Accepted 24 April; published on WWW 7 July 1999 Summary respectively, for all-female fish. The probability density Muscle development and growth were investigated in function of muscle fibre diameters in each fish was diploid populations of normal-sex-ratio and all-female estimated using non-parametric smoothing techniques, and Atlantic salmon (Salmo salar L.) and their triploid the mean densities for diploids (fD) and triploids (fT) were counterparts produced by high-pressure treatment. −1 calculated. The peak fibre diameter was approximately Somites were formed at the rate of 6 h in both diploids and triploids at 6 °C. The rostral-to-caudal development of 20 µm in all age classes, irrespective of ploidy. Distinct myotubes, myofibrils and acetylcholinesterase staining at bimodal distributions of muscle fibre diameter were the myosepta was slightly more advanced in triploid than evident in all groups 775 days and 839 days post-hatching, in diploid fish, although the differences were smaller than reflecting seasonal cycles of fibre recruitment. fD and fT among individual families. The c-met receptor tyrosine were compared using a non-parametric bootstrap kinase was used as a molecular marker for the satellite cells technique and the reference band representing the nullinvolved in postembryonic muscle growth. Satellite cell hypothesis indicated that there was no difference with nuclei comprised 17.5 % of total myonuclei in smolts and ploidy. Reference bands for normal-sex-ratio fish at 315 they were 24 % more abundant in diploid than in triploid days and 470 days indicated that diploids had a higher fish. Cells expressing the myogenic regulatory factor myfpercentage of smaller-diameter fibres and that triploid 6, a marker of satellite cells committed to differentiation, distributions had a thicker right-hand tail. Similar represented 14.8 % of total myonuclei in diploids and differences in fD and fT of muscle fibre diameters were 12.5 % in triploids. At ambient temperatures, the number found for all-female fish, although the statistical evidence of white muscle fibres in normal-sex-ratio fish increased was less strong. Reference bands indicated differences in more than 30-fold between the alevin and smolt stages, and the middle range of the distributions of muscle fibre approximately 3.5-fold further during the first year of diameter in fish 620–775 days post-hatch, with triploids seawater growth. The rate of muscle fibre recruitment in having a thicker right-hand tail. Thus, a lower density of seawater stages was significantly greater in diploid satellite cells was associated with reduced rates of fibre than in triploid fish, reaching 1162 fibres day−1 and recruitment but a compensatory increase in muscle fibre 608 fibres day−1, respectively, in all-female groups 800 days hypertrophy in triploid compared with diploid fish. post-hatching. For 42 cm fork-length fish, there were approximately one-third more muscle fibres per myotome Key words: Atlantic salmon, Salmo salar, muscle, growth, development, ploidy, sex-reversed fish. in diploid than in triploid groups, 649 878 and 413 619,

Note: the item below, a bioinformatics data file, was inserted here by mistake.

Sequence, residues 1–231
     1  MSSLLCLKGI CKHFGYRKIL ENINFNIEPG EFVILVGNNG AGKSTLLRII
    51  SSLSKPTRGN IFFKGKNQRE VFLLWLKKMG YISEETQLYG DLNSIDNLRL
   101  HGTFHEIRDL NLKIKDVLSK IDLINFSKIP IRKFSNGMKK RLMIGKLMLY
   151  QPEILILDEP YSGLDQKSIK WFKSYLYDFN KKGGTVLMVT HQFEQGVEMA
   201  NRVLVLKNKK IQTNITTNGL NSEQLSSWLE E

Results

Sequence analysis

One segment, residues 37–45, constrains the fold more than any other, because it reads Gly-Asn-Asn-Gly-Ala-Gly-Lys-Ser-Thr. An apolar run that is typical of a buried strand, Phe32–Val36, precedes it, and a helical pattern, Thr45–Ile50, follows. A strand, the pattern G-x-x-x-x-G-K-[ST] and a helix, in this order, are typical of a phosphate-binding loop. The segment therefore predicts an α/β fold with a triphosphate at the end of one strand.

Introduction Polyploidy has been a significant factor in the evolution of salmonids (Allendorf and Thorgaard, 1984; Johnson et al., 1987). Low frequencies of triploid salmonids occur in natural populations (Thorgaard and Gall, 1979), and triploidy can be readily induced experimentally by either heat or pressure treatment (Benfey, 1991). There are fewer, but larger, cells in most organs and tissues of triploid fish, and it has long been suspected that this may have far-reaching consequences for their development and biology (Small and Benfey, 1987;